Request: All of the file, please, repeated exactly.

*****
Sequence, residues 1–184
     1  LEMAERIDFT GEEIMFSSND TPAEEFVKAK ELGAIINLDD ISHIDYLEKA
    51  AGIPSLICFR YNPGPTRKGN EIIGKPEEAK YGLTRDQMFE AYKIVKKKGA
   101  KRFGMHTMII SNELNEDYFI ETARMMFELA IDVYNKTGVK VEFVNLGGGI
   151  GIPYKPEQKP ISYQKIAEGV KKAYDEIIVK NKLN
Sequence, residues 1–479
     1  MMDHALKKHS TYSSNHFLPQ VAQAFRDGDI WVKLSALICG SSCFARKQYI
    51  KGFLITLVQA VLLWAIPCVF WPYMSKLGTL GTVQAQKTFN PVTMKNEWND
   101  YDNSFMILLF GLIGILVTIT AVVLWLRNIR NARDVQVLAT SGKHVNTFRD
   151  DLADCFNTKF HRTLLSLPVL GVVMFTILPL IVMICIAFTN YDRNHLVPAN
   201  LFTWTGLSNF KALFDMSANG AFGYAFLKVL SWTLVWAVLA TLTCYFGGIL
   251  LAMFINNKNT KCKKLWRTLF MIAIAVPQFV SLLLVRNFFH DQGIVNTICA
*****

Sequence, residues 1–184
     1  LEMAERIDFT GEEIMFSSND TPAEEFVKAK ELGAIINLDD ISHIDYLEKA
    51  AGIPSLICFR YNPGPTRKGN EIIGKPEEAK YGLTRDQMFE AYKIVKKKGA
   101  KRFGMHTMII SNELNEDYFI ETARMMFELA IDVYNKTGVK VEFVNLGGGI
   151  GIPYKPEQKP ISYQKIAEGV KKAYDEIIVK NKLN
Sequence, residues 1–479
     1  MMDHALKKHS TYSSNHFLPQ VAQAFRDGDI WVKLSALICG SSCFARKQYI
    51  KGFLITLVQA VLLWAIPCVF WPYMSKLGTL GTVQAQKTFN PVTMKNEWND
   101  YDNSFMILLF GLIGILVTIT AVVLWLRNIR NARDVQVLAT SGKHVNTFRD
   151  DLADCFNTKF HRTLLSLPVL GVVMFTILPL IVMICIAFTN YDRNHLVPAN
   201  LFTWTGLSNF KALFDMSANG AFGYAFLKVL SWTLVWAVLA TLTCYFGGIL
   251  LAMFINNKNT KCKKLWRTLF MIAIAVPQFV SLLLVRNFFH DQGIVNTICA